Posted by: bmeverett | October 25, 2010

A New Low for the New York Times on Climate Change

God bless the New York Times for giving me a never-ending river of topics. Their latest, and one of the most egregious, gifts was an article by John M. Broder in the October 20 edition of the paper entitled “Climate Change Doubt is Tea Party Article of Faith.”

Please read this short article, or, if you prefer, just read the following excerpt: “Skepticism and outright denial of global warming are among the articles of faith of the Tea Party movement, here in Indiana and across the country. For some, it is a matter of religious conviction; for others, it is driven by distrust of those they call the elites. And for others still, efforts to address climate change are seen as a conspiracy to impose world government and a sweeping redistribution of wealth.”

Bear in mind that this was offered by the Times as a news story, not an op-ed or an editorial. Mr. Broder offers us the classic logic of the “climate community,” which runs as follows.
1. All intelligent, right-thinking people understand that we are facing a man-made climate change catastrophe, perhaps the end of life as we know it, and that solving this problem will require a massive increase in government powers and severe restrictions on our stand of living.

2. It is truly puzzling that the public doesn’t buy into this view, and it’s a reporter’s job to discover the basis for this failure on the part of the American people. (The public doesn’t like ObamaCare either, but we’ll have to sort out another time the reasons for that irrational belief).

3. Since the Tea Party is the current home of extremists and lunatics, our search for climate change pathologies should start there.

4. Why do Tea Partiers oppose cap-and-trade? Could it be because climate change science is ambiguous or because the proposed legislation would be extremely costly yet ineffective? Could it be that Tea Partiers don’t trust politicians to run the economy? Nah. It must be because these yahoos are religious (always a good explanation for irrational behavior), resentful of their betters or prone to believing in wild conspiracy theories.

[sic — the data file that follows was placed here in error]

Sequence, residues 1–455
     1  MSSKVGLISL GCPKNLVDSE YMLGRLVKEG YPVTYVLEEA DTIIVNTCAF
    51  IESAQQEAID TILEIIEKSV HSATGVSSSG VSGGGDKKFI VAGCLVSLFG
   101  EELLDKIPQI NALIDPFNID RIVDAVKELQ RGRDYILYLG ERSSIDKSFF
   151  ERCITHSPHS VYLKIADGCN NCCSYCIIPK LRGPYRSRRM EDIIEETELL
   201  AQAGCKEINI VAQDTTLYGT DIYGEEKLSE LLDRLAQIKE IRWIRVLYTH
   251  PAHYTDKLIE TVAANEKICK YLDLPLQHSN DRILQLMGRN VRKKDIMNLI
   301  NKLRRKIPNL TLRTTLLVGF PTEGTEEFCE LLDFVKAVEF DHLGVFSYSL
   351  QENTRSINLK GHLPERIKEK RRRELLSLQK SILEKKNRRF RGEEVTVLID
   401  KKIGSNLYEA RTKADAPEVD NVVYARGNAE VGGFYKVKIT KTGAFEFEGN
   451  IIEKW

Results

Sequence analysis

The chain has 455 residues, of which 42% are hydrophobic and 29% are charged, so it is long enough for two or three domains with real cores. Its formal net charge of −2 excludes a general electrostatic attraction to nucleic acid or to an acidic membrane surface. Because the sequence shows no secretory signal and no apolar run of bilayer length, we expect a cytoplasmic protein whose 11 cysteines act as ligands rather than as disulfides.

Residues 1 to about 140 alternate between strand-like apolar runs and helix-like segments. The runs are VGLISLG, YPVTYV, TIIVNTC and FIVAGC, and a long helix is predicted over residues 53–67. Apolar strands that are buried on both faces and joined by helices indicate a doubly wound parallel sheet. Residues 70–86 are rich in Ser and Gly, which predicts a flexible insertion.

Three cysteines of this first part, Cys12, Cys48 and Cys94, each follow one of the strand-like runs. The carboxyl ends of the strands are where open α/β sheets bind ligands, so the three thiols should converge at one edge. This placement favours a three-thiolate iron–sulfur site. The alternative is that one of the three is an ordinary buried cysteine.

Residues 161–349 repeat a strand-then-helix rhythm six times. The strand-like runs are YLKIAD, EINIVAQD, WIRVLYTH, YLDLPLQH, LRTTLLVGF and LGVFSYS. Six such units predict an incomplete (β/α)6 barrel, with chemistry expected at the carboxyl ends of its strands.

5. In other words, “climate skepticism” is not a viewpoint, it’s a character flaw or perhaps a mental illness.

Last week, NPR fired news analyst Juan Williams for expressing the heretical view that seeing people in Muslim garb on airplanes made him nervous. NPR President Vivian Schiller said that Williams should have kept his views on Muslims between him and “his psychiatrist.” In other words, Williams’ views bring his sanity into question. How else could she explain the fact that Juan holds the wrong views?

There is, of course, one other possible explanation for the bizarre views of the Tea Party on climate change. Broder explains that “The oil, coal and utility industries have collectively spent $500 million just since the beginning of 2009 to lobby against legislation to address climate change and to defeat candidates… who support it, according to a new analysis from the Center for American Progress Action Fund, a left-leaning advocacy group in Washington. Their message appears to have fallen on receptive ears.” Get it? Maybe Tea Partiers aren’t mentally unstable, but just stupid. The sinister energy companies have spent $2.50 to addle the brain of each of the 200 million adult Americans. It’s truly amazing that the oil companies have that much power. BP’s expensive ad campaign following the Deepwater Horizon oil spill last April has convinced the American public that BP was not to blame for the spill. Oh, wait a minute. Forget that argument. Anyway, it’s no wonder that people have such strange ideas. It’s a good thing that the climate community gets its own millions to “educate” the public about the wonders of expensive renewable energy and compact fluorescent light bulbs.

Mr. Broder conjures up a truly frightening vision in which average people are allowed to make up their own minds by considering all different viewpoints on policy issues, even incorrect viewpoints. How can Joe Six-Pack be expected to reach correct conclusions when he receives unfiltered information deliberately propagated by people with agendas? How could a man-on-the-street sort that out unless guided by people who are actually smart? The next thing you know, people who are not professional politicians will be allowed to run for public office. Then we’ll really be headed for hell in a hand basket.


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